The States of Guernsey Policy & Resources Committee published its 2018 Budget proposals on 9th October 2017
The principal headline is that the States has recorded a budget surplus for 2017 of £9 million. This allows for a transfer of £5million to the Core Investment Reserve (formerly the States Contingency Reserve), which is the first transfer since 2007. There is also a project balanced budget for 2018.
Behind the positive headline there are a number of noteworthy tax proposals for debate by the States on 7th November.
Following on from previous budgets, this Budget includes further moves towards a more progressive personal tax regime, with increases in personal allowances funded by withdrawal of all allowances for higher earners.
KPMG Channel Islands Comment
While the changes to business taxes of themselves are not significant, we are seeing further tweaking of the Zero-10 regime at a time when international business is seeking stability and certainty. The other effect is that the island’s business tax regime will be very similar to its closest competitor jurisdiction. However, following Jersey’s proposed extension of its 10% rate, the key difference between the two regimes arises from the Guernsey principle of taxing business streams within a company rather than the entire company profit. This difference can benefit companies that generate profits from unregulated activities in Guernsey.
The introduction of a new higher rate of property tax for law firms does not seem to raise material levels of revenue and is somewhat incongruous.
On the personal tax side, it is hard to find fault with making the tax regime more progressive. Even once the full effect of the withdrawal allowances are felt, the maximum income tax rate is still 20%, one of the lowest rates in Europe, and the absence of capital taxes retains Guernsey’s attraction for high net worth individuals. Added to this, the temporary tax cap for new Open Market residents may help stimulate the Open Market. Whilst it looks generous, arguably the combination of the document duty and tax paid means that any new residents will be paying £100,000 in taxes that would not otherwise have been paid.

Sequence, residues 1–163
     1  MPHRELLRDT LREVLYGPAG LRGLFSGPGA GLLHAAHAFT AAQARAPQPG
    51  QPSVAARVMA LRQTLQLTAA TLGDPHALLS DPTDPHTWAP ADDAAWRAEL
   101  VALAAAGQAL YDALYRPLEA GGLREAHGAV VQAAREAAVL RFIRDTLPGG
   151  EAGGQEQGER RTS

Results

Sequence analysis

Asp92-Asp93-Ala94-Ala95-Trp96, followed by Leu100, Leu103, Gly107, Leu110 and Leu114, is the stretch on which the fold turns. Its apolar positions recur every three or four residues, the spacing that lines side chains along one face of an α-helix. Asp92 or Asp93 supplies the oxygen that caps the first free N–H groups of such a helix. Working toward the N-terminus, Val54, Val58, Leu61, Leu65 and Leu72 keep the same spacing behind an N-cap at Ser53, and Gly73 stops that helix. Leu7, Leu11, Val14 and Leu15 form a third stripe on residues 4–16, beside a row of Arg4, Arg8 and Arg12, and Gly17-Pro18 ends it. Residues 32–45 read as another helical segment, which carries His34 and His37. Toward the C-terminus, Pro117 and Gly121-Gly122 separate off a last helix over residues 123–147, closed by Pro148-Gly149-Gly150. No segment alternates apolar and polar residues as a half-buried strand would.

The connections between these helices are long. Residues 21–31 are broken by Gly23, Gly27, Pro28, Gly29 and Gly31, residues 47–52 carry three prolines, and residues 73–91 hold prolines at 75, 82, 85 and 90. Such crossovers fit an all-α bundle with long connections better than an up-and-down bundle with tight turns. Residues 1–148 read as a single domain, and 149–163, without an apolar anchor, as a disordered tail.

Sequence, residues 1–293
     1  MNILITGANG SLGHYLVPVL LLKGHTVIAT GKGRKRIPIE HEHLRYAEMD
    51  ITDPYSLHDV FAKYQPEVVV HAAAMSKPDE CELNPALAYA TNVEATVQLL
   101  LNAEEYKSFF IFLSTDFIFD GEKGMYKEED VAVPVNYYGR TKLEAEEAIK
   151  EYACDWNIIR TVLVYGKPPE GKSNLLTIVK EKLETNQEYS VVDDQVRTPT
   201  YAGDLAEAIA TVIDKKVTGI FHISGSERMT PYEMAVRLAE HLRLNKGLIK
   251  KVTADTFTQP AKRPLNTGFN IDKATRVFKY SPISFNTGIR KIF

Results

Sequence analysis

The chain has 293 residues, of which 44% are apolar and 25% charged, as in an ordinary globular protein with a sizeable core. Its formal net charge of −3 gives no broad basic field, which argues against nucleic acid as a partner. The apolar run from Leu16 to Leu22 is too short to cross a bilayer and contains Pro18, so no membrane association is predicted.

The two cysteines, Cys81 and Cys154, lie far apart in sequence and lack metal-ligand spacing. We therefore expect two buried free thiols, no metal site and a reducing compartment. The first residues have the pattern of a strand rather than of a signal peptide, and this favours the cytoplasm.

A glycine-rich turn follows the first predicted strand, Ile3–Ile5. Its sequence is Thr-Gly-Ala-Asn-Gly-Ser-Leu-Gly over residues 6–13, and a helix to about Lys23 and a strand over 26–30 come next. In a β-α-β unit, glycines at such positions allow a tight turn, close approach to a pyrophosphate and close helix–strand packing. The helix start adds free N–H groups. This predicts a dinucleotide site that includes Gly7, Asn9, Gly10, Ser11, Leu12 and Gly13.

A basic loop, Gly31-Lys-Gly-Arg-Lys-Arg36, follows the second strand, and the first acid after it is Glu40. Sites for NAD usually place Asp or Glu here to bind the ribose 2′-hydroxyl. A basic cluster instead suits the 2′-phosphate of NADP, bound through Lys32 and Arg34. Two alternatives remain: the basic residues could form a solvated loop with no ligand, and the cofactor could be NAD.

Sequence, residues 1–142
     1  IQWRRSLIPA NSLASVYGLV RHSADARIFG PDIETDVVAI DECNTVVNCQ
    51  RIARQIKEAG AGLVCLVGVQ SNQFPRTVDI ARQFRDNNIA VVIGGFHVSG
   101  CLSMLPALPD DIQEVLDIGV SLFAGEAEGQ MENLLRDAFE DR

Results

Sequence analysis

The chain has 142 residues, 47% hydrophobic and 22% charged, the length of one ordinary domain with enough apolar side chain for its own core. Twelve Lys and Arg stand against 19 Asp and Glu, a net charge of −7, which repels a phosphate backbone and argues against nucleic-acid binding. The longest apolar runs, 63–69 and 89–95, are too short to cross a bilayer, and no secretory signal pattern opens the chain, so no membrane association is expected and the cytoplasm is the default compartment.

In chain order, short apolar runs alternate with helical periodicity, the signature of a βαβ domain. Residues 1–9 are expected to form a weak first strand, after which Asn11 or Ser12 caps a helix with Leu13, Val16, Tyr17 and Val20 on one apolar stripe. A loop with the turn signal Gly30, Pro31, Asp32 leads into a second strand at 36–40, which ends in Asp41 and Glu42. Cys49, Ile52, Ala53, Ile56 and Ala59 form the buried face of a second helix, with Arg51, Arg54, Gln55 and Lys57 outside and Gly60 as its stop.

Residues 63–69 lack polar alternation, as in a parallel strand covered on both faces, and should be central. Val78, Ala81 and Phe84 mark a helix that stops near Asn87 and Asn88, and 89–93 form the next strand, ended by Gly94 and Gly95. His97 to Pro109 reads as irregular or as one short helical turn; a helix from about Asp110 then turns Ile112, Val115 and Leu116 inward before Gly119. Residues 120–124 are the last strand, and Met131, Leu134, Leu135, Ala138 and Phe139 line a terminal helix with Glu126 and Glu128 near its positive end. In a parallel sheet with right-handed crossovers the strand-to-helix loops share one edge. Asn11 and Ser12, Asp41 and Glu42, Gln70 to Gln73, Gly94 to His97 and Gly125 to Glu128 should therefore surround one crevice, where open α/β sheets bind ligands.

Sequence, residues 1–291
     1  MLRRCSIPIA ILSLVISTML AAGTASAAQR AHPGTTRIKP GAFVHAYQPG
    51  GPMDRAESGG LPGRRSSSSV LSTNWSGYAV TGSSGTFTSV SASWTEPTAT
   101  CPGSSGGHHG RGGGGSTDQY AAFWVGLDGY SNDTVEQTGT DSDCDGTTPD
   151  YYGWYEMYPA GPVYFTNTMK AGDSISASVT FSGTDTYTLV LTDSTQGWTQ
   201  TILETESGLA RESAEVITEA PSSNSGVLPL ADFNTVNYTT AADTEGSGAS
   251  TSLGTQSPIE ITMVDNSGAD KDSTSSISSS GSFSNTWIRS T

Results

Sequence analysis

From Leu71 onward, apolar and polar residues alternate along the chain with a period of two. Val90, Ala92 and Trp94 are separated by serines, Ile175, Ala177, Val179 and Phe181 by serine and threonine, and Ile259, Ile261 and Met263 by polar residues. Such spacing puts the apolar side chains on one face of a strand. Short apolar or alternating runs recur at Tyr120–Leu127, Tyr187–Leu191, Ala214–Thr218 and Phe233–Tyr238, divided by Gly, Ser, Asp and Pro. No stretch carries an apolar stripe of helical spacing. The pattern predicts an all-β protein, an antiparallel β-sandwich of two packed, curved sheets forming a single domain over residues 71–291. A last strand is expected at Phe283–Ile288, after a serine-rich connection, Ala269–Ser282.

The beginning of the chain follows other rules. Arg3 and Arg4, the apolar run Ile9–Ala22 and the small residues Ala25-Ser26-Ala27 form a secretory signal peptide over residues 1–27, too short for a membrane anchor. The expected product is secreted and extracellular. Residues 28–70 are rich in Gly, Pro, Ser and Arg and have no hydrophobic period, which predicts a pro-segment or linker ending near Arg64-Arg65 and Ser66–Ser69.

The proposal to amend the residence rules to enable resident only individuals to take up principal residency without altering their prior year status is welcomed as it would remove an anomaly that has been seen to discourage individuals from spending more time and taking a more active role in Guernsey.
Overall, the P&R Committee’s tax proposals seek to “raise additional revenues as far as possible from individuals and entities most able to bear the burden”. It is important to remember that there will only be higher tax receipts where there is economic growth. There may still be a need to consider other revenue raising measures in future and care should be taken to ensure that such measures do not inadvertently stifle growth and innovation in our local economy. It is welcome that Guernsey is balancing its books but a small economy operating in a turbulent and competitive world can be disproportionately affected by changes in tax policy.
Full details of the proposed changes can be found on the States of Guernsey website here.
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